- Counterpart risk: the Banks need to evaluate the risk on counterparts of transactions they are financing. Indeed, the second step of a transaction involves a counterpart to which the goods will be sold to, and whose payment will serve to reimburse the amount initially financed.
- Operational risk: The Bank ought to put in place very strict internal procedures for this activity and make sure their employees follow them rigorously. Obviously, the set up of such procedures are accompanied by the implementation of IT solutions designed to apply these procedures in a secure manner, but also to help the Bankers make quick and rational decisions based on valid data updated in real time.
That is why banks need properly designed systems to monitor their risks and collaterals. As of today, when it comes to processing Trade Finance instruments such as for instance Documentary Credits, Guarantees, and documentary collections, Banks are more or less well equipped with back-office processing systems. However, when it comes to monitoring credit facilities, collaterals and risks, most Banks still widely use Excel spreadsheets. And therefore, there is an increasing need to equip middle-office departments with robust systems.
What is TRAC?
TRAC is a Risk and Collateral Management application destined for Trade Commodity Finance or Structured Trade Finance Relationship Managers, Credit Risk Managers, and Top Managers who want to track and monitor their risks appropriately. The purpose of the software is to replace the Excel spreadsheet widely used in the Trade Commodity Finance sector.
More precisely, this application covers
- Transactional follow-up of portfolio of active Customers’ global economic position
- Monitoring of customer credit limits or/and groups of customers
- View of accounts’ balance per customer and integration within margin calculation
- Collateral follow-up and management related to the lifecycle of a transaction
- Risk assessment and monitoring of credit facilities
- Multiple purchases and sales per transaction
- Management of vessel information and control based on a bank’s specific standards
- Follow-up of storage facility per transaction with relevant location
- Built-in BI/reporting facility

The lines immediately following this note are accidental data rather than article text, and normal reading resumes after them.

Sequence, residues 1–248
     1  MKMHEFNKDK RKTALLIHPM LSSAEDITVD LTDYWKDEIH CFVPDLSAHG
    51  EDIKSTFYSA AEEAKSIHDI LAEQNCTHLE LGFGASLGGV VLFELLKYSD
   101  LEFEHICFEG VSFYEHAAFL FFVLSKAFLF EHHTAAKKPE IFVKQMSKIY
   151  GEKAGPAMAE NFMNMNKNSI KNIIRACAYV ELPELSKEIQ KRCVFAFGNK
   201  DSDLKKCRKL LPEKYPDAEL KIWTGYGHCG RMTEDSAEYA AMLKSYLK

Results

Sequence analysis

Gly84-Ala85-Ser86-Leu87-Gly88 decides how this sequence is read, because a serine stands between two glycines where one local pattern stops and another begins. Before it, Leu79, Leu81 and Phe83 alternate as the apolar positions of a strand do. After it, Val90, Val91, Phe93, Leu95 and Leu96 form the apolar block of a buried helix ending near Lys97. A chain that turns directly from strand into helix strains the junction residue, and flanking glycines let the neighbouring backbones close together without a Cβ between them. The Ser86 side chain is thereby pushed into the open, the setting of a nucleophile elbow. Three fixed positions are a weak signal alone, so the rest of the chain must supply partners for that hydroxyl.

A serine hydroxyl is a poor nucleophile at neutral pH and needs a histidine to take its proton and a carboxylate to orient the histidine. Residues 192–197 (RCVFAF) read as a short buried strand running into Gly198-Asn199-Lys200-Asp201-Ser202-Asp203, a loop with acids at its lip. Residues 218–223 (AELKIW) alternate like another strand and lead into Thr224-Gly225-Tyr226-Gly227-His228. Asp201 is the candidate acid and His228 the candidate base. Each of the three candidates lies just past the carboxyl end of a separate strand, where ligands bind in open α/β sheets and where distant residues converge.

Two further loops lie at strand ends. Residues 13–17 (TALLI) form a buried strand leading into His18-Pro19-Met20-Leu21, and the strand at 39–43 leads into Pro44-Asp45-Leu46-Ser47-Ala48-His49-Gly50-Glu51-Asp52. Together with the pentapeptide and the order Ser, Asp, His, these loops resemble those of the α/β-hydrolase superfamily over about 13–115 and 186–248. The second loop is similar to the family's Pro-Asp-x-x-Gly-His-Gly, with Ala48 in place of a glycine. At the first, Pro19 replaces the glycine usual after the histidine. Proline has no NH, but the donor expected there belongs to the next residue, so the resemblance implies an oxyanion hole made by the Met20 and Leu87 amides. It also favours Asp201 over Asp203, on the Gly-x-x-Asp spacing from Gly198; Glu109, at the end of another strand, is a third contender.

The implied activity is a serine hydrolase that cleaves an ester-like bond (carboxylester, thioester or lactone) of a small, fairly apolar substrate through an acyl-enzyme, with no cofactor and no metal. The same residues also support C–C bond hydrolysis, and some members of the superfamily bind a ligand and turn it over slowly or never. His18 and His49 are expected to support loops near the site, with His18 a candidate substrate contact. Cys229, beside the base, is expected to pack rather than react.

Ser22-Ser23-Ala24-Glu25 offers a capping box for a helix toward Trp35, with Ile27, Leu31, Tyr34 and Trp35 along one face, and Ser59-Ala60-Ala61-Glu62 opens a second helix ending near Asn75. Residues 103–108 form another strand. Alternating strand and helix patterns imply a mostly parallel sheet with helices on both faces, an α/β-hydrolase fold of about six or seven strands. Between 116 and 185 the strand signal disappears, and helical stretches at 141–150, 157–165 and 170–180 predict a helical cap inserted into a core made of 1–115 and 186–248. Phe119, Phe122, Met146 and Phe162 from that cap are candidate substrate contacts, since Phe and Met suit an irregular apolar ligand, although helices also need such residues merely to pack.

- Multi-commodity application (Oil, metals, soft, etc…)
- Risk price monitoring “mark-to market”
- Hedge module
- Graphical chronometers per category of risk (eg storage inland, prefinancing, transit, B/L)
- Built-in workflow transaction approval system
- Dashboard view for management
- Warning management facility per customer (credit limits override, collateral due date expiry, documentation follow-up, margin management, etc…)
- Imaging capability (various formats covered such as jpeg, pdf, word, excel, etc..)
- Diary per transaction or customer’s position
What is CREDOC?
CREDOC is a comprehensive Trade Finance and Documentary Business application that covers all the aspects of the area, namely Import & Export documentary credits including stand-by L/C’s, Outward and Inward Guarantees (both international and domestic), Import & Export documentary collections, Reimbursements (confirmed & unconfirmed), Loans & Advances, Discounts…
CREDOC comes with:
- Full Telecommunication environment, such as SWIFT (In and Out), Fax, E-mail as well as remote access from Customers
- A comprehensive and fully automatic Accounting facility, including contingent liabilities, and financial accounting based on a “Report Of Event” clear and open concept Accounting
- Automatic calculation of fees, charges, interests rates for discounts (including “to yield rates”)
- A step-by-step security concept that covers all aspects of the business
- Validation may be applied to any step of the processing